Mark 1:12-13 Wilderness Time

Be still

Be still

Mark is still moving very quickly through the “preliminaries” of the beginning of Jesus’ ministry. Not that these events are somehow not worth dwelling on, but that he seems in a hurry to get to the “action stories.” Jesus in the wilderness is definitely important enough for Mark to mention, but he didn’t feel his audience would want to dwell on it, AND the Holy Spirit didn’t prompt him to dwell on it either. We always have to remember the audience Mark was writing to and that ALL scripture is inspired by God. Maybe Mark was just an “action fanatic” and wanted to get to the big scenes.

We are told that “the Spirit immediately drove him out into the wilderness” (verse 12). Jesus knew God’s plan and each step that would be required. While Jesus was here on Earth, the Holy Spirit and the angels sometimes acted as intermediaries between God and Jesus. Jesus had an open line of communication with His Father, but sometimes Jesus needed a personal physical touch too; like in the Garden of Gethsemane when an angel ministered strength to Him. Today we have the Holy Spirit ministering urgency to Him.

I don’t know very many people who say, “YEAH! I get to do a 40 day fast!” Jesus left the Jordan River and headed into His 40 day fast, without stopping by the local burger joint for a final fix. He might have even been hungry from His walk to where John was. But no time like the present, especially when He felt God’s pull in that direction. To do anything else would have been sin.

In the other gospel writer’s account of Jesus in the wilderness, their narratives imply that Satan waited until the end of Jesus’ fast to tempt Him. I wonder if he did or not. Mark’s account makes it possible that Satan was busy during the whole 40 days. This would fit with Jesus’ time in the wilderness being symbolic of Israel’s 40 years of wandering. Israel was tempted, many times simply by the memories of “indulgences” from their past, the whole time they were wandering. Time and time again they failed to rise to the occasion. Moses even gave in to anger and sinned during one of his testing phases. But Jesus met every trial thrown at Him without succumbing to sin.

Mark mentions wild animals in the wilderness too. What kind of animals did Jesus encounter? Were they simply things like scorpions and snakes or were there bigger animals too? Personally scorpions and snakes are challenging enough for me. Wolves and hyenas would put me over the edge. But not Jesus. He didn’t bring any kind of weapon into this journey; or at least we are not told of any in any account of this event. Yet He faced everything thrown at Him.

Mark also mentions angels ministering to Jesus while He was in the wilderness. Did these ministering spirits wait until Satan had finished his temptation? I’m certain they didn’t bring Him any food, as this was a prescribed fast He was undertaking, but did they minister strength to Him during His stay? Was their job to keep the wild animals at bay while He spent time in prayer? Whatever their job, they were of benefit to Jesus.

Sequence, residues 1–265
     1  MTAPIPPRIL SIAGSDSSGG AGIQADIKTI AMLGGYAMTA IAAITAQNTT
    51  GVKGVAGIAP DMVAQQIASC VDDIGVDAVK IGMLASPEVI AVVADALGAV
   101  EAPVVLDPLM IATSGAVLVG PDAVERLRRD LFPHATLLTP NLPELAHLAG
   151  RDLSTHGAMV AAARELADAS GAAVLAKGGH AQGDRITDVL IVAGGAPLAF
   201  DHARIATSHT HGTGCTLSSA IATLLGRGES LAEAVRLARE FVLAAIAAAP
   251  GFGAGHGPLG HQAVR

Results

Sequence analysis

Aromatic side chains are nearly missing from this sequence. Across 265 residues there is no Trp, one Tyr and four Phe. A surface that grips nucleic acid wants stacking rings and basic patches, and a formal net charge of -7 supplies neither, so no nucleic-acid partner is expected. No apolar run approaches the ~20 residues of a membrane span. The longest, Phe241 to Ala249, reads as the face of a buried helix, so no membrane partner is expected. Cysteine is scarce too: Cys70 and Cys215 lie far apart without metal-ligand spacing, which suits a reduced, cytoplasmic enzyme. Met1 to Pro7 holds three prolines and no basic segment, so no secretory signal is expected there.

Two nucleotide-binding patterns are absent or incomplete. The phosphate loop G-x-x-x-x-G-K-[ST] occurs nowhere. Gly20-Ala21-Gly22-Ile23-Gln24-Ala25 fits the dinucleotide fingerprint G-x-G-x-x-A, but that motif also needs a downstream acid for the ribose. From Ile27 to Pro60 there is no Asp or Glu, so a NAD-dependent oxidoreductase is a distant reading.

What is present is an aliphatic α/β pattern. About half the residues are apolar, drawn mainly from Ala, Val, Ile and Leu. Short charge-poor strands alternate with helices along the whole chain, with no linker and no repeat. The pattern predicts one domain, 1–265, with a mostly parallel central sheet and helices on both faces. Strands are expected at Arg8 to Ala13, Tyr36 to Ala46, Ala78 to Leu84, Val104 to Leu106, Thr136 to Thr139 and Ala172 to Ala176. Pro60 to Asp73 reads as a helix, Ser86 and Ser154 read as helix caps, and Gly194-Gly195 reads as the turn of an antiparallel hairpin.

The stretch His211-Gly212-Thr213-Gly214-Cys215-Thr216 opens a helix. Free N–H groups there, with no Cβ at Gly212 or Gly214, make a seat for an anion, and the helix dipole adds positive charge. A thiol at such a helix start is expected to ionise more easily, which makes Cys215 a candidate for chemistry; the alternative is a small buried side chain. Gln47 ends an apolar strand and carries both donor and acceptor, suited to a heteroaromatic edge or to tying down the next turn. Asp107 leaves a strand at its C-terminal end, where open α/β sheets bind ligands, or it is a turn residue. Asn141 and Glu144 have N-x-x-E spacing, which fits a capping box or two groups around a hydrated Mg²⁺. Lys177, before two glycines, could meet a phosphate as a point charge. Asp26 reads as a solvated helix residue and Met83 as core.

Jesus was never alone in the wilderness. God was always with Him. Jesus didn’t see His Father face to face during His time here on earth but He talked with Him at least daily. He went off to be by Himself regularly throughout His entire ministry. God would provide Him with strength to carry on each time they met together. During His wilderness time Jesus probably got a FULL CHARGE for His spiritual batteries. I wonder if Jesus and God talked about the specifics of the plan while Jesus was out there.

John had recently come in from the wilderness to start his ministry. Did he have open communication with God while he was out there? We know God prepared him for his mission during his time in the wilderness. But God left a few details out of John’s plan that John would have to face along the way. This was probably so He wouldn’t scare John off from his mission. Not many humans want to willingly walk into captivity and death. Jesus was no ordinary man, so knowing what awaited Him didn’t sway Him from His course, but even He had to wrestle with serious temptation to walk away in the end.

Father God, thank You that You meet us in the quiet places too. Sometimes I feel like I am in a spiritual wilderness. It is usually because I have not been listening, but have been doing all the talking. “Be still and know that I am God.” I really need to remember Your words more often. I also have a problem of trying to fill up the quiet spaces with something. I have no idea what I would do in an actual wilderness. No phone. No internet. No human company. Not even a stack of books or a full Kindle. Just You and me amongst the elements. Thank You that You haven’t called me to that place, at this point in my life. Maybe someday, and maybe never. But if You ever do call me to such a place I can be certain that You will be with me there too.

Remind me to carve out quiet time in my regular day and teach me how to sit still. I want to hear Your voice every day.

This is my quiet time. Thank You for reminding me of that. Thank You for speaking to me through Your pens, then and now. I love our time together. Keep me always hungry for more.

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